Monday, November 26, 2012

■ SOUTH AFRICA: Group SAA finally releases its 2011/2012 Financials; records USD163.2million operating loss.

SAA logoSouth African Airways (SA) has at long last, released its financial report for the Financial Year 2011/2012 ending 31 March 2012. In its brief, signed off by the airline's previous board, the carrier reported an operating loss of USD163.2million (ZAR1.3billion) despite its total revenue being up six percent on the previous year. Overall, the group posted a ZAR32million Total comprehensive loss.

South African Airways' Africa Route Network
South African Airways' Africa Route Network (GreatCircleMapper)

South African Airways Commercial

SAA said its the South African economy's sluggish economic recovery and Eurozone crisis were contributing factors to the airline's loss along with persistently high fuel prices .  The Group recorded an operating loss of ZAR1.3 billion (2011 restated profit:  ZAR1 billion). 

The report went on to say that the South African domestic market is  substantially over-traded and the economy is  experiencing a prolonged period of relatively  low growth.

Business class passenger numbers  and revenue grew strongly as a result of sales  and marketing initiatives, together with stronger  pricing and revenue management systems and  discipline, supported by the airline’s voyager  customer base. 

Economy class  passenger numbers declined overall, although  the successful code-share with Mango on the  Durban-cape town route was enhanced by an  additional code-share with Mango on its new  Lanseria - Cape Town route. 

Strong growth in Africa but protectionism still a hindrance

South African AirwaysSAA this last year launched four new regional  routes from its Johannesburg hub to Ndola  (Zambia), Pointe Noire (Republic of the Congo),  Bujumbura (Burundi) and Kigali (Rwanda). These routes are performing according to  expectations, except for Bujumbura-Kigali due to unfavourable slot times at Kigali International Airport. The connecting revenue from these new routes complements the broader SAA route network strategy. 

SAA withdrew from one  unprofitable route, Johannesburg-Gaborone (Botswana) in August 2011.  With all these changes, Africa capacity was  still static, due to other schedule and aircraft  gauge changes. However, there was an 11% increase in total passenger  numbers: 17% in Business class, and  10% in economy class. This resulted  in a 7% jump in overall load factors to over 68%. This is attributed to SAA’s  strength on the African continent, and the  growing demand in Africa for air services in the  mining and infrastructure development sectors.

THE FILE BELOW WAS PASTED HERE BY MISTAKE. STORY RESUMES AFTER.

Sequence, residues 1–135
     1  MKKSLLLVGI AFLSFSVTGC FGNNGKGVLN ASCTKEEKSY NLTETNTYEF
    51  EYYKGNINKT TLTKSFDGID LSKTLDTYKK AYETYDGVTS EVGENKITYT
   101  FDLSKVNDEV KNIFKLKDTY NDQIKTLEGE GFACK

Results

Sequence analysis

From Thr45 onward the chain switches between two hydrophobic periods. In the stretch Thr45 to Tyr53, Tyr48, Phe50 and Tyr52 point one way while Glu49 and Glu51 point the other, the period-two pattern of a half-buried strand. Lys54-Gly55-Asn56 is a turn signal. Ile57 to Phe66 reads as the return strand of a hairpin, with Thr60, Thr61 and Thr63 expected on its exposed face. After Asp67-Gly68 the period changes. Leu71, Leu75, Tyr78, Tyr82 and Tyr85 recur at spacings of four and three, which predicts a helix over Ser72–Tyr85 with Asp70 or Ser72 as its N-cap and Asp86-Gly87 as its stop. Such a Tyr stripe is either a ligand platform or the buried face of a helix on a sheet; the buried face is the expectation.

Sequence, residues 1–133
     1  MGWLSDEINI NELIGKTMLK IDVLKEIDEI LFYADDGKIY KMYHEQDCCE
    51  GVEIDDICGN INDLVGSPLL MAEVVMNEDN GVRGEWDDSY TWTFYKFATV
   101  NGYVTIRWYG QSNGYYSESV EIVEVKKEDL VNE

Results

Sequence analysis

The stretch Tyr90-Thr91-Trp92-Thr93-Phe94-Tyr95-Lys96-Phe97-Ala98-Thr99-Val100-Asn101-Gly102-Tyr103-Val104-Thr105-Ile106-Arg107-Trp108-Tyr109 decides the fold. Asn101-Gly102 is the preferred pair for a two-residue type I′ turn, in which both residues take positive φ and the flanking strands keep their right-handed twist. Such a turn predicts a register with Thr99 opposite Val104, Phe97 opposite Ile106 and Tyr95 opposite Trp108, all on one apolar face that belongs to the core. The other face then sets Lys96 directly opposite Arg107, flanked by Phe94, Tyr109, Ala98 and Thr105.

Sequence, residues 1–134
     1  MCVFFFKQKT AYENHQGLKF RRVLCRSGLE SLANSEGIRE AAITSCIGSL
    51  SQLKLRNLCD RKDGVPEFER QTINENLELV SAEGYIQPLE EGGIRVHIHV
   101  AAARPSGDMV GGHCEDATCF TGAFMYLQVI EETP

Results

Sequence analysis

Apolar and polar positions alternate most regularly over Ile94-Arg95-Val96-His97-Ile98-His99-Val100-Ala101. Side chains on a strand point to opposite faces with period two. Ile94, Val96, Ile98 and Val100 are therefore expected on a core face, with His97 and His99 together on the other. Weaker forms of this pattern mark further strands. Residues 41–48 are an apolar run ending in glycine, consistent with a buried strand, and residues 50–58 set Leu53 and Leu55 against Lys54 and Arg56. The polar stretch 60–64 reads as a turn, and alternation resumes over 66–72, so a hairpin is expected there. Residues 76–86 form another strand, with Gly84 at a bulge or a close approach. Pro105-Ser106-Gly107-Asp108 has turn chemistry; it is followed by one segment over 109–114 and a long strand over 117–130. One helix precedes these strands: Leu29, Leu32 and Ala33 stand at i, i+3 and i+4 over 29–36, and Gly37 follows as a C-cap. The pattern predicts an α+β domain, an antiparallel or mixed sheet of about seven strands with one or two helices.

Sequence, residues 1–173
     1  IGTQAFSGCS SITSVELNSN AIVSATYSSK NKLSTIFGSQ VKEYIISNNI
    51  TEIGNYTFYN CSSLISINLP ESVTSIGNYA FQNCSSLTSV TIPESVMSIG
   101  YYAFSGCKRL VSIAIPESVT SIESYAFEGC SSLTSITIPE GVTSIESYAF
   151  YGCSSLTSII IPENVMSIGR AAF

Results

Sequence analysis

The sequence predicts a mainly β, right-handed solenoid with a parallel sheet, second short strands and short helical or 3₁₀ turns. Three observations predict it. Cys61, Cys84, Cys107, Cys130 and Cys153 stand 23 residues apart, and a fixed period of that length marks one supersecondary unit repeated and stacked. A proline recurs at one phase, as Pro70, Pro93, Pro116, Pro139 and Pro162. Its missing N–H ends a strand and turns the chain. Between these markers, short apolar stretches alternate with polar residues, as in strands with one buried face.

SAA is seeing good results from its African routes; Southern African routes such as Harare  (Zimbabwe), Maputo (Mozambique), Lilongwe and Blantyre (Malawi) continue to  perform well. Accra (Ghana), Luanda (Angola),  Dar es salaam (Tanzania) and Lagos (Nigeria)  are extremely important routes strategically and also continue to perform well. Ideally, SAA would  like to operate far more flights into its regional  network, however the market is only liberalising  slowly and obtaining improved Bilateral Air  Service Agreement rights continues to be a  major challenge for South Africa and SAA. 

International capacity static as Middle Eastern Carriers take their toll

SAA’s overall (non-african) international  capacity was largely unchanged, although  major improvements were made in fleet and product with the final deliveries of the six new  Airbus A330s. The only new international route  launched was a direct flight to Beijing (China) in  January. SAA continued to see robust revenue streams from its Business class product, and saw passenger numbers in  this market segment grow almost 5%.  Economy class passenger numbers dropped by 2%, primarily caused by aggressive  price discounting by Middle eastern airlines  and over-capacity to and from South Africa, which is still a relatively small market by  global standards. 

LCC Mango

Mango South Africa LCC
Mango’s financial performance was significantly influenced by the continued adverse effects of global uncertainty and a  recessionary hangover coupled to rocketing  fuel prices, currency instability and sharp  increases in regulatory Airport Company of South Africa charges. 

Increasing  marketplace competition, notably in the form of a new entrant to the low-cost carrier sector,  simultaneously further increased market supply in an already saturated market, negatively impacting fare and/or occupancy levels, resulting in the majority of the local industry reporting year-on-year revenue declines and  deep losses.  

During the period in review, Mango saw an  increase of 12.9% in the number of  passengers flown while recording revenue growth of 22.2%. This gain in revenue was  achieved while maintaining the company’s  cost leadership position through continued  excellence in capital productivity (human and  aircraft) and governance (including supply-chain  management and procurement discipline). Though the business operated at a loss for the full year, Mango, subsequent to bearing route start-up  losses associated with the Lanseria port  launch earlier in the fiscal year, returned to profitability in the final quarter.